The new master planned community is called The Fabric and will trial net zero homes across the entire first stage of 49 townhouses. ARENA is contributing $784,000 in funding to support the trial.

“Through this project, Mirvac will be able to offer home buyers features that will help reduce energy use, energy bills and emissions from the beginning,” ARENA chief executive Darren Miller said.

The homes will achieve a NatHERS ratings of at least seven stars and operational net zero for energy, which is expected to deliver annual savings of up to $3000 on energy bills for occupants.

Gas will not be connected, and the all-electric homes will feature five-kilowatt peak (5kWp) photovoltaic solar panels and 10 kilowatt hours (10kWh) of battery storage, smart-home energy monitoring, high-performing lighting, heat-pump hot water systems, all-electric appliances, roof ventilation, efficient reverse-cycle airconditioning, and EV charging.

High-performance double glazed windows, thicker than standard walls and upgraded wall and roof insulation will improve the overall thermal performance, reducing the need to use aircon for heating or cooling.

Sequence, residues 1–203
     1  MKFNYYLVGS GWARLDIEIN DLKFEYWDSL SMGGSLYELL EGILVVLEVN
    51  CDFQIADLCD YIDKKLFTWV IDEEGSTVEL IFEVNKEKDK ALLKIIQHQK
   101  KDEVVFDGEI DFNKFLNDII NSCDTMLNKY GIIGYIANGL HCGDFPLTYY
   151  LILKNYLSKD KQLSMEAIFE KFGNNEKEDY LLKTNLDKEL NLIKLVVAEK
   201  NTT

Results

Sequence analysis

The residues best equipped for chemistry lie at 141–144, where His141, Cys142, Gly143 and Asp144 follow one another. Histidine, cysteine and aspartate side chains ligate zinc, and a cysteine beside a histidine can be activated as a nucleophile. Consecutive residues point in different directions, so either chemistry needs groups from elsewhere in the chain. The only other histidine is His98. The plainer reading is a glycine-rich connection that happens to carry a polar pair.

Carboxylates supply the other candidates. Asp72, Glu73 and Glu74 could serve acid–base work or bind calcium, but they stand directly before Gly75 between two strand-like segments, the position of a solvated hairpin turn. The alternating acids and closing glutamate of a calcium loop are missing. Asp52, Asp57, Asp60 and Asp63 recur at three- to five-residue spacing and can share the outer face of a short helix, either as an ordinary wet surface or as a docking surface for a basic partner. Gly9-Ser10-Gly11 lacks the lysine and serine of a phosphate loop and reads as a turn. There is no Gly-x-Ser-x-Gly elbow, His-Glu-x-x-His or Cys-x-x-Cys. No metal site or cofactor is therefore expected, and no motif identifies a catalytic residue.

Image credit: The Fifth Estate

Biometric architect says regenerative design needed

Biometric architect Michael Pawlyn says architects should go beyond  creating sustainable architecture that minimises damage to the planet and designing buildings that help repair it. Pawlyn is the founder of Exploration Architecture, known for biomimetic architecture like the Sahara Forest Project (pictured).  He says standards like the Living Building Challenge that promote regenerative design should become compulsory.

Pawlyn says that if the industry is to truly help tackle the multiple environmental challenges of today, architects must design buildings that give more than they take.  He believes the solution is regenerative design – the development of restorative and renewable systems where output is always greater than input, beneficial for humans and other species.  In his opinion, the best way that architects can create regenerative architecture is by using biomimicry.  Read the full interview with Michael Pawlyn at Dezeen

Image:  The Sahara Forest Project (Credit: Dezeen)